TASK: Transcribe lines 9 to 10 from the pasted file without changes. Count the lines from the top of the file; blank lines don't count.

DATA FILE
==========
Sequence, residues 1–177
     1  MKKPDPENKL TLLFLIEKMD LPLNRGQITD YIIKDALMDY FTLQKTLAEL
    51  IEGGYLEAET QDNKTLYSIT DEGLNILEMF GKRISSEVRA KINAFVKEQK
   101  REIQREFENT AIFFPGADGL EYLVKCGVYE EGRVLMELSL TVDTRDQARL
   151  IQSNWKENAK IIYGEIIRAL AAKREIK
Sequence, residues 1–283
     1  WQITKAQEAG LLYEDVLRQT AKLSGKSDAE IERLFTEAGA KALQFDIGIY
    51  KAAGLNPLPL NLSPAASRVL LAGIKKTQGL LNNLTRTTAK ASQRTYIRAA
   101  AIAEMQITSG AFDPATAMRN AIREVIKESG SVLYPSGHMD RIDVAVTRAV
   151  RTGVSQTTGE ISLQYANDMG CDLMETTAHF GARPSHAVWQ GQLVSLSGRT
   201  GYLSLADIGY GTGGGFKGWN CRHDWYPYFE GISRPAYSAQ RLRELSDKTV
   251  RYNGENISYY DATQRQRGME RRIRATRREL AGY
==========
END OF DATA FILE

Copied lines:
   101  AIAEMQITSG AFDPATAMRN AIREVIKESG SVLYPSGHMD RIDVAVTRAV
   151  RTGVSQTTGE ISLQYANDMG CDLMETTAHF GARPSHAVWQ GQLVSLSGRT